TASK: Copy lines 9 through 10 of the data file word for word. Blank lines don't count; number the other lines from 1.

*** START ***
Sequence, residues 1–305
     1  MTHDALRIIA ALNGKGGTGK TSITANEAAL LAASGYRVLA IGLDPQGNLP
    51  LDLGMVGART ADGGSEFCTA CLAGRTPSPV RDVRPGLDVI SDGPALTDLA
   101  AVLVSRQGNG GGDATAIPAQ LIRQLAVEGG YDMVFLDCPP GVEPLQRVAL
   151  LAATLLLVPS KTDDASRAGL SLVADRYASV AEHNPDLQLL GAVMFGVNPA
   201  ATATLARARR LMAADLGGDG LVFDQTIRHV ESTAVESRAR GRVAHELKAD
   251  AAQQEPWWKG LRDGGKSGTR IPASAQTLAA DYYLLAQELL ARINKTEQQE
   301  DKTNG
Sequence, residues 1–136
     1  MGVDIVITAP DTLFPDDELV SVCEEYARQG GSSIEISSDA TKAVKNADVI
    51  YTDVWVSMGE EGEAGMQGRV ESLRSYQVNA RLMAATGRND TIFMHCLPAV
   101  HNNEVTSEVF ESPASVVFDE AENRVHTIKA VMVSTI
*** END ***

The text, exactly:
Sequence, residues 1–136
     1  MGVDIVITAP DTLFPDDELV SVCEEYARQG GSSIEISSDA TKAVKNADVI